I remember watching my first Final in 1970 – Chelsea vs Leeds which went to a replay the following week, which was great becasue it was another match live on TV.  Chelsea won it and also won a legion of new fans, all about 6 or 7 years old.  At  school on the Monday after the Saturday draw, I remember getting punched by some bigger kids because when they asked me ‘who are you for the replay, Chelsea or Leeds’ I simply replied, ‘neither, I amWest Ham’. I think the die was cast even at an early stage in my life that I was never one to follow the crowds and certainly never one to support anyone else bar my beloved Hammers. In 1971 we saw Arsenal do the Double in colour for the first time and Charlie George lay prone after scoring the winner against Liverpool. Then in ’72 it was Arsenal back again, this time against the mighty Leeds, Mick Jones with a bandaged shoulder which looked like it had dislocated as he crossed the ball for Allan Clarke to nail the winner. I remember that year collecting the Esso coin collection celebrating 100 years of the FA Cup, and pleading with Dad to make sure he always bought Esso petrol and thus got more little blue printed paper packets with a precious silver coin inside. In ’73 it was that legendary game, Sunderland of the 2nd Division beating the mighty Leeds! No one could believe it. In 74 Liverpool thumped Newcastle 3-0 and Alec Lindsay scored a scorcher which was ruled out as offside. In ’75 it was West Ham against 2nd Division Fulham. Bobby Moore, the legendary number 6 played, but not for West Ham but for Fulham. In then end all my dreams came true when our FA Cup hero, Alan Taylor scored twice again and Billy Bonds lifted the FA Cup and I was happy as a happy thing for months. The following year, it was Southampton’s turn for a day in the sun and they beat hot favourites Manchester United with a solitary goal by Bobby Stokes. And so every year the memories just built. I have only ever been to 2 FA Cup Finals, 1980  when a 2nd Division West Ham beat 1st Division Arsenal and in 2006 when a 2nd Division (now rebranded Championship) West Ham took Premiership Liverpool to penalties after a 3-3 draw in 120 minutes, not at Wembley but in Cardiff. A great day and all that, one I will never forget, despite us being on the losing side.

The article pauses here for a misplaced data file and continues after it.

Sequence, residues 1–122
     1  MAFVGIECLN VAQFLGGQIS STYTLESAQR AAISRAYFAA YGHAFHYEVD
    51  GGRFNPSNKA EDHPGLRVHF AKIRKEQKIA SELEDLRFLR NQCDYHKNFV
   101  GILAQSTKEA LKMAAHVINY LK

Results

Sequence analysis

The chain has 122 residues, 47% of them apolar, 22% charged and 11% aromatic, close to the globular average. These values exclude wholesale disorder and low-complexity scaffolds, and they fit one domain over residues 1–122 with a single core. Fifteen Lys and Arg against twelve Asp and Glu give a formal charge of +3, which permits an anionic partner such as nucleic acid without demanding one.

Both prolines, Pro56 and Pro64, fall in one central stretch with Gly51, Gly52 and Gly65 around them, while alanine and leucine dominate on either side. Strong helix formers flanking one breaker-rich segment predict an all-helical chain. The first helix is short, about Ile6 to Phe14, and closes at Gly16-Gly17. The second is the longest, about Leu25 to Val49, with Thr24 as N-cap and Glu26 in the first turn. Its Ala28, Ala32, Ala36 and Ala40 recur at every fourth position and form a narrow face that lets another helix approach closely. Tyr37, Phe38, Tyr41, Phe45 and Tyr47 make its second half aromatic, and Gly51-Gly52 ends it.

Not only was the match live on TV in the old days, but the whole day seemed to be about the Cup. I think the BBC and ITV used to kick off about 9 or 10am and we would have Cup Final themed ‘Swap Shop’  (BBC) and something else on ITV, and the day was about one thing and one thing only. But these were different days. Yes the game meant everything, but it was played by players who earned good money, but not daft money. The gap between the fans and those players was not enormous. We were all working class people, joining together on the big day. We all wanted to win, but we all had a laugh or a cry and above all there was a feeling of a national togetherness. Even the managers were relaxed and full of banter. Nowadays it is all conflict and hype. Take a look at ‘Big’ Ron Atkinson and Jimmy Melia who were interviewed by the legendary David Coleman on the morning of the Cup Final. They are laughing and joking and at complete ease with each other. How refreshing that is when compared with some of the nonsense we see today.